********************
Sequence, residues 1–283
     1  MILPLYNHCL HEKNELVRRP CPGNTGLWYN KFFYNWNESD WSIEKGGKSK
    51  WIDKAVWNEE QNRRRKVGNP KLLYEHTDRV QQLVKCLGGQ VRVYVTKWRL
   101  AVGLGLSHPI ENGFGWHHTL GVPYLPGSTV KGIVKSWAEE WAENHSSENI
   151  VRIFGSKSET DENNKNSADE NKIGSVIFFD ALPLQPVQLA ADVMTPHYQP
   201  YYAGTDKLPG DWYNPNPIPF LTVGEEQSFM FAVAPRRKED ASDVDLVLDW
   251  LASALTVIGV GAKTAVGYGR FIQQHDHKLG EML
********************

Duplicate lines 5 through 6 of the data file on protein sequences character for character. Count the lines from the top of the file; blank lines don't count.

   151  VRIFGSKSET DENNKNSADE NKIGSVIFFD ALPLQPVQLA ADVMTPHYQP
   201  YYAGTDKLPG DWYNPNPIPF LTVGEEQSFM FAVAPRRKED ASDVDLVLDW